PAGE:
Dhruva Das from Guwahati experienced frequent episodes of coughing, nasal congestion, and breathing difficulties when he was six years old. According to his mother, Mani Das, he also had a history of recurring ear infections, sinusitis, and snoring. She initially believed that her son was suffering from tonsillitis, but when her attempts to alleviate his symptoms with home remedies like salt and warm water gargles proved ineffective, she decided to take him to an ENT specialist.
Das was diagnosed with enlarged adenoid tissues (known as adenoiditis). “He was prescribed antibiotics and a few nasal sprays for one-two months, and he got better after that,” recalls his mother.
ABCs of adenoids
Adenoids are lymphoid tissues, also known as pharyngeal tonsils, which are situated at the back of one’s nose. An inflammation of these adenoids is known as adenoiditis, says Dr Sanjay Bhatia, senior ENT consultant, Fortis hospital, Mulund.
According to Dr Ria Emmanuel, ENT consultant specialised in allergy and immunotherapy, Narayana Multispeciality Hospital, Bengaluru, the types of adenoiditis are:
- Acute adenoiditis which lasts for a few days to a few weeks.
- Chronic adenoiditis lasts for months, and the inflammation can result in either infection, allergies, or irritation from stomach acids called laryngopharyngeal reflux.
“Adenoiditis rarely occurs on its own. So, it is usually seen as associated with extensive pharyngitis or rhinosinusitis,” says Dr Emmanuel. She further lists the symptoms based on different factors:
- If it is associated with pharyngitis then the person will have a sore throat, fever, pain, and redness locally in that region.
- If it is associated with rhinosinusitis, symptoms will be nose block, mucus discharge from the nose, facial congestion, and headache.
- Chronic irritation of adenoids can lead to adenoid enlargement that can block that region of the nose. This can cause Eustachian tube blocks, otitis media and otitis media with effusion (collection of fluids in the middle ear space). They can result in nose block, snoring and sleep-related breathing issues such as obstructive sleep apnea.
According to Dr Emmanuel, there are the three causes:
- Infections: Pathogens already present in the adenoids and tonsils can work synergistically to cause mixed infections. These can be airborne bacteria or viruses, or their chronic colonies that are already present in that area. Some common viral pathogens are Coxsackie, herpes, and Epstein Barr Virus.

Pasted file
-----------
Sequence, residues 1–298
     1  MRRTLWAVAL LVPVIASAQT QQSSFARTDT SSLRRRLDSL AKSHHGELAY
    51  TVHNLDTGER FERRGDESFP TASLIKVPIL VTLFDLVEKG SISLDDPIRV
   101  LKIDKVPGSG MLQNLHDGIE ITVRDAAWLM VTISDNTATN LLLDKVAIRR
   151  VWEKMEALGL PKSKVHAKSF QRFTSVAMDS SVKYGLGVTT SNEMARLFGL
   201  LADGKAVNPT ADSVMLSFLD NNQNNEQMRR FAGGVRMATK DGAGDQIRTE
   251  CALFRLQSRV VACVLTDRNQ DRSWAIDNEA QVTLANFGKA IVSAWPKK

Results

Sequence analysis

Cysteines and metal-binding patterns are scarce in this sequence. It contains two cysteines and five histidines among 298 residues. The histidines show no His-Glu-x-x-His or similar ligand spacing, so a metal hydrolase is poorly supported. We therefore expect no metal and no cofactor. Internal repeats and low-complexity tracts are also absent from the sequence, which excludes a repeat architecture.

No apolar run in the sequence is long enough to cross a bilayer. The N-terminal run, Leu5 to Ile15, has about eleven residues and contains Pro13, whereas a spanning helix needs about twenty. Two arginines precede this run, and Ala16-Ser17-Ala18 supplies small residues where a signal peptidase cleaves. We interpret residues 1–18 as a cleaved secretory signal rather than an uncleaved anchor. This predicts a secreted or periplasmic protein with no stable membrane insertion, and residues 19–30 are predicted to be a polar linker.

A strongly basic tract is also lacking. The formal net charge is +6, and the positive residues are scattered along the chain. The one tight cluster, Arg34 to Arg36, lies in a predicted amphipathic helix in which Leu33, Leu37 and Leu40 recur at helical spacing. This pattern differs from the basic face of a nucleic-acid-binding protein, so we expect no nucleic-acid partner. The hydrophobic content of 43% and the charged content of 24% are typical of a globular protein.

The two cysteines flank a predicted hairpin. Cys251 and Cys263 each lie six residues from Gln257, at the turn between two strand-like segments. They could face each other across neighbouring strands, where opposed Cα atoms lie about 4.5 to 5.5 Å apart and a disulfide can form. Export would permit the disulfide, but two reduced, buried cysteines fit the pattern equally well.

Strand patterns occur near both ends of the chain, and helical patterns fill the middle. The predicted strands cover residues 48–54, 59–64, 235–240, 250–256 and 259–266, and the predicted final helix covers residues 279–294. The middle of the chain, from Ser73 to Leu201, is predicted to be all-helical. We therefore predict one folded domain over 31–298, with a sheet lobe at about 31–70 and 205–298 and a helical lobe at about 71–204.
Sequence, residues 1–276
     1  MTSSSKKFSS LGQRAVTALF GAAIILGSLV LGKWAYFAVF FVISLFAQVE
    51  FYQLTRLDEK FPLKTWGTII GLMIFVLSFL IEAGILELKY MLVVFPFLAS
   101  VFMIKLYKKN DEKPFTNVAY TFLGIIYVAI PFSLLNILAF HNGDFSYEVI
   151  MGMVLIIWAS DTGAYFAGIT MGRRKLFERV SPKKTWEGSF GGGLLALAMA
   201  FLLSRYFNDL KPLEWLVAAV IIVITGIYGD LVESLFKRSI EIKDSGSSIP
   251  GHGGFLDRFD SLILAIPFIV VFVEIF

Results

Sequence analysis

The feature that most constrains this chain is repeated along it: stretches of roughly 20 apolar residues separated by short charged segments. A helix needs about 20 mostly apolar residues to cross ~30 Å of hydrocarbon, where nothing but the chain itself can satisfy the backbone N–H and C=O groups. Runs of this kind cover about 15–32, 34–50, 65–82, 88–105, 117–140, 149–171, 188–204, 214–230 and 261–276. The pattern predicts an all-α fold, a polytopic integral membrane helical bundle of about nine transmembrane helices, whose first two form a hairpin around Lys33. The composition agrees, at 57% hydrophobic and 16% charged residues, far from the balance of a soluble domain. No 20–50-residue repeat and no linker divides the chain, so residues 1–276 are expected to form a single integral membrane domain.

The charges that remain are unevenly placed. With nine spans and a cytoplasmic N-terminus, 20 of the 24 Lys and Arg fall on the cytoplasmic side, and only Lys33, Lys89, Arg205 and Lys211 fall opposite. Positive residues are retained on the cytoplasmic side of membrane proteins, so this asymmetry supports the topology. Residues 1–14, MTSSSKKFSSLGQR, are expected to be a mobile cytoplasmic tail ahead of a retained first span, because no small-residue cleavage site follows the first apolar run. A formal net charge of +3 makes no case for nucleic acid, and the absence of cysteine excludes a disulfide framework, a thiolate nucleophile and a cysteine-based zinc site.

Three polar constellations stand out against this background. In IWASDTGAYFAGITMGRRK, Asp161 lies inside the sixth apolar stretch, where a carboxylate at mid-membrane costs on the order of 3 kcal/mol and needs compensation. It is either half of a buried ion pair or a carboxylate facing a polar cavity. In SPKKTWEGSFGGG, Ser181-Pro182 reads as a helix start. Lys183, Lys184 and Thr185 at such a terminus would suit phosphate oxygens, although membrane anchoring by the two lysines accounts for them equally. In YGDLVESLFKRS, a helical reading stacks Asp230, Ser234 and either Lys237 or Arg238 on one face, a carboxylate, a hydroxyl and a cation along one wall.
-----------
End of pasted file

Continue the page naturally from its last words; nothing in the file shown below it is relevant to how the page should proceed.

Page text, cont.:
- Allergy: Allergens like house dust mites, pollen, pet dander, and insect particles can cause adenoiditis.
- Acid reflux: Laryngopharyngeal reflux (a condition where stomach acid travels up the oesophagus and reaches the throat) is another cause of adenoiditis.
“Nasal endoscopies are the preferred method of investigation, as they allow experts to see the tissues at the back of the nose using light passed through the nose,” says Dr Emmanuel.
While nasal endoscopy is an investigation of choice, some children might be hesitant. In such cases, it is advised to take an x-ray of the top part of the throat. If there are other complications such as sinusitis, then CT scan of the paranasal sinuses (one of the tiny hollows in the bones surrounding the nostrils) can be done.
If one observes chronic pus or post-nasal drip from that area, it may be appropriate to perform a swab culture to determine the appropriate treatment.
According to Dr Emmanuel, treatment is based on the causes. For example, experts treat an infection with antibiotics and nasal sprays.
“If it is an allergy, experts try to find out the allergen that triggers their allergy and ask the individual to avoid it and use nasal washes with saline,” says Dr Bhatia.
In case of acid reflux, experts advise lifestyle modifications with diet, proper sleeping postures, and some medications to control it.
According to Dr Emmanuel and Dr Bhatia adenoidectomy (adenoid removal) is advised when one has:
- Recurrent or multiple infections in a year (five to six times).
- Complications due to adenoids like recurrent sinusitis or otitis media or otitis media with effusion.
- Snoring and sleep apnoea.